The MFL team has reviewed the units that are set out by the GCSE course and rearranged the units into a sequence that will best enable students to learn and review their progress regularly. For example, by teaching elements of each theme in year 10 we are able to use interleaving strategies so that students are consistently building on previous knowledge, often using cross-curricular links, in order to inform their progress. Kings Langley School employs quick start activities at the start of every lesson so that students are regularly reviewing their progress within one unit but also using the skills that would also help them to flourish in later units.
Learning a foreign language is, by its very nature, a test of an individual’s ability to learn, tolerate and empathise with others. Kings Langley School has a character programme that teaches our young people about the virtues of empathy, stickability and self-regulation. Within MFL, teachers actively promote these virtues within their lessons.
It is an expectation that students will be able to articulate why they enjoy learning in MFL and that they can see where useful words and phrases in one unit would be helpful within a range of contexts. Students at this school enjoy their MFL lessons because a dedicated and diverse team of teachers teaches them well.
The GCSE courses for French and Spanish have been redesigned. The students are all being taught a methodology based on interleaving and phronesis that allows students to reflect and grow as they move through the GCSE course. The GCSE course itself is merely an extension of what the students were taught in the younger year groups, so each academic year represents another layer of knowledge, understanding and practice that should allow students to succeed as individual people and through academic assessment.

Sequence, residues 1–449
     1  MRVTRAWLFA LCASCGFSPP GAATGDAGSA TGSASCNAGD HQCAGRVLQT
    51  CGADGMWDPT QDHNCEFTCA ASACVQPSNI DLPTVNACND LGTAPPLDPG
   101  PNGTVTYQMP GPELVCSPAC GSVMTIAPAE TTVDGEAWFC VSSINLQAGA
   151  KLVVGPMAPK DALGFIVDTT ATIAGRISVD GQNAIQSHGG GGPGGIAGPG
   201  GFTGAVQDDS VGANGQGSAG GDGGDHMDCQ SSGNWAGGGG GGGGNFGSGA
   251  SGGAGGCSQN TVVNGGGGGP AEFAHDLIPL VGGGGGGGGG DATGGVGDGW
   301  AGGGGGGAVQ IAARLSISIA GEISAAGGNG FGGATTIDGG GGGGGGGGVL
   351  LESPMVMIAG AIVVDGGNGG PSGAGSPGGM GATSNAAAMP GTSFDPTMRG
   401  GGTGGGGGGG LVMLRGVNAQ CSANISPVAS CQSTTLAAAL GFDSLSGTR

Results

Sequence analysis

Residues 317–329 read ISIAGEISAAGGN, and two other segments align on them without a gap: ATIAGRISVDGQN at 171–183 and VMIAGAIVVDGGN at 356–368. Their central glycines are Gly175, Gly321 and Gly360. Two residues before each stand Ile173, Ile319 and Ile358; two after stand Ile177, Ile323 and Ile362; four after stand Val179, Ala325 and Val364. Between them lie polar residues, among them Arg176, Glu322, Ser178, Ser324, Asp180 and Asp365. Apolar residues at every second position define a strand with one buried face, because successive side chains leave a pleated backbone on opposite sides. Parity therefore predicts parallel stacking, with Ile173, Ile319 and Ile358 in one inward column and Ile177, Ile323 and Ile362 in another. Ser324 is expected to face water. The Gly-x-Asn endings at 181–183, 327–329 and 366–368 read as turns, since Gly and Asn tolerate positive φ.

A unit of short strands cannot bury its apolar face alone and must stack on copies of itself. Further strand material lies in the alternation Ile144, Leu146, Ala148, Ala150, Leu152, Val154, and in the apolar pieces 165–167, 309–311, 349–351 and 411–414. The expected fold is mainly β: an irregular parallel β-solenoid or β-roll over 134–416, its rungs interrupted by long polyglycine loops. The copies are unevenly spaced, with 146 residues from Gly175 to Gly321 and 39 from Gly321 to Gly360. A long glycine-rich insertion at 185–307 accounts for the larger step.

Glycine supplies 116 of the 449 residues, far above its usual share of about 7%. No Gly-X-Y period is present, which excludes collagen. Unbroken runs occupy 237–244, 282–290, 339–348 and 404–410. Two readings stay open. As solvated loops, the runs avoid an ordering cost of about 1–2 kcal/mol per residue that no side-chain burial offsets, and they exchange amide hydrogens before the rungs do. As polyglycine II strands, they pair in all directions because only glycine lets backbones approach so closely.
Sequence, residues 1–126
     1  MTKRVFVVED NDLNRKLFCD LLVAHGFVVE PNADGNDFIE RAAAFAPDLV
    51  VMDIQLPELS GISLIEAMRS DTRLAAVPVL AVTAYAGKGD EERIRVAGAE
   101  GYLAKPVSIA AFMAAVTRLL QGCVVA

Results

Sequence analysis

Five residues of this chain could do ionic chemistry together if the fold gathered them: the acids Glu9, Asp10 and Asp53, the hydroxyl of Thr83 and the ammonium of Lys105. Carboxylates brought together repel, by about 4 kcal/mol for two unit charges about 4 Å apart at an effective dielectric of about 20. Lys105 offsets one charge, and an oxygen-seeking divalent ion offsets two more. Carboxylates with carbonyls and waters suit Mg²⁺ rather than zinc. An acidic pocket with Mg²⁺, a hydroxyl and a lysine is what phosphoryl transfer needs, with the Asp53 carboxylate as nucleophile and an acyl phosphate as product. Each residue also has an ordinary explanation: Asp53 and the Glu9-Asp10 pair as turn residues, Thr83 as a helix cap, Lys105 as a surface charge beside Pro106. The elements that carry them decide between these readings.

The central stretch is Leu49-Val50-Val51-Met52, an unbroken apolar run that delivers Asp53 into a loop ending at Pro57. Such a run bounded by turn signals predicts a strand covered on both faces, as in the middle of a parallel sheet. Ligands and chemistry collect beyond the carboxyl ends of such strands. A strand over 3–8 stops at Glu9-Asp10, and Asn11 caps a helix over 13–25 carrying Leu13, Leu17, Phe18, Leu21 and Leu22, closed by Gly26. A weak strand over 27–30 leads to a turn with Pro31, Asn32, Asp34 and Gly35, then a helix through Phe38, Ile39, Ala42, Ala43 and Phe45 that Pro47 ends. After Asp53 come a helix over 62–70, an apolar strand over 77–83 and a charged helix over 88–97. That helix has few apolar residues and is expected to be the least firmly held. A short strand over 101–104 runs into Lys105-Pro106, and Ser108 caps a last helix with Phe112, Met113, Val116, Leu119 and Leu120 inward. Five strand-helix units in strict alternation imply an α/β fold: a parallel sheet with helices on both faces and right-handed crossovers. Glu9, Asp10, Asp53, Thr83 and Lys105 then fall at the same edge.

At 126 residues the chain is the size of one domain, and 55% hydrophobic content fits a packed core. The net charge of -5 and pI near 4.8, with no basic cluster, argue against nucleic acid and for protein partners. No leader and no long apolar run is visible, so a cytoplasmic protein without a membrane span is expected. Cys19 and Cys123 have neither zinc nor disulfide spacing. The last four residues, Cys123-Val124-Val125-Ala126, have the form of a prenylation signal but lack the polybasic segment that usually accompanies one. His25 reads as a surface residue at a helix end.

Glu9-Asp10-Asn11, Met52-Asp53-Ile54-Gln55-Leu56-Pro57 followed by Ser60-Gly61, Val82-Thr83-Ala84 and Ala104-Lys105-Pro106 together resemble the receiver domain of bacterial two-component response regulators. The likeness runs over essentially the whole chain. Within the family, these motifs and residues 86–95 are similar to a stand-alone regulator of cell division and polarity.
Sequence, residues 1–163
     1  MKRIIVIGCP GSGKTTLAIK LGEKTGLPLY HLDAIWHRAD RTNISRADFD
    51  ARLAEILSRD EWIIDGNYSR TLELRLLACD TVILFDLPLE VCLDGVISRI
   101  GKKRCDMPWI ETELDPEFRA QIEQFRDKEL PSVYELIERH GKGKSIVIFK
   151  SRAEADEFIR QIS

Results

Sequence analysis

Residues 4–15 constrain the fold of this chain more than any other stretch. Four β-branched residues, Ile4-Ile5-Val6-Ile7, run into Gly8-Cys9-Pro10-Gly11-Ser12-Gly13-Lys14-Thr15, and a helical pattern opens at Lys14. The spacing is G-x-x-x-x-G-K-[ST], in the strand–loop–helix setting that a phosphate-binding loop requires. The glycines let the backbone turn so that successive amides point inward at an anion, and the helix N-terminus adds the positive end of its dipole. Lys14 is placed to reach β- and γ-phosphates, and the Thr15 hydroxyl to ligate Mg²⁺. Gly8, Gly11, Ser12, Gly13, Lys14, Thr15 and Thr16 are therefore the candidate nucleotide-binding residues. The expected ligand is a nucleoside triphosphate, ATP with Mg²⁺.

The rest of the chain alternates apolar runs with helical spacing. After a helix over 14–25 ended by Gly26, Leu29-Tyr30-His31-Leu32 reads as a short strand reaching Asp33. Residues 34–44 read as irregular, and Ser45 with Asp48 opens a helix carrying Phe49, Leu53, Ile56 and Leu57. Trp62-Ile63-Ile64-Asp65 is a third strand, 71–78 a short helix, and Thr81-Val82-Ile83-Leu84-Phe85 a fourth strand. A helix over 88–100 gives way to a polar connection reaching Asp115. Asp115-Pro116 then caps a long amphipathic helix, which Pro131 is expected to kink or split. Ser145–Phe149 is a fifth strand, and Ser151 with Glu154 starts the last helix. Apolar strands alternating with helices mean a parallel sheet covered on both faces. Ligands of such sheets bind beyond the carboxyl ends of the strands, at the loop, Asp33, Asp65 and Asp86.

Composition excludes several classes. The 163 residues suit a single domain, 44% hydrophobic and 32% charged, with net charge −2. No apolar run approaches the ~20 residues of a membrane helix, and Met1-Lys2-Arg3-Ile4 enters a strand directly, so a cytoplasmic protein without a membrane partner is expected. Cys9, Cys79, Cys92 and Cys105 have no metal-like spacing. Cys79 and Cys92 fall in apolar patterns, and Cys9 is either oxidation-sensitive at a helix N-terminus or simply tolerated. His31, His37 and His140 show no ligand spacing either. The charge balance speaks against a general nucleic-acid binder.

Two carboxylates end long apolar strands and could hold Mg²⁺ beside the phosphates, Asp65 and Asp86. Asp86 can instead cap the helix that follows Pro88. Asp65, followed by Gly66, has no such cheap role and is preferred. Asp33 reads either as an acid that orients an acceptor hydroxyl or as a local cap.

Cross-curricular links are strong between MFL and English. The study and knowledge of grammar is extremely important for MFL study and it is a continuing benefit that the MFL and English departments at Kings Langley School are linked together under the umbrella of the Communications faculty. There are also strong links for numeracy given that the time, dates, numbers and money are taught from year 7 all the way through to year 13. The 7-13 curriculum covers all aspects of modern life, from Geography and History to Business and Politics, The Arts and Culture. If one can study it in English, one will probably study it in the foreign language at some point during the course.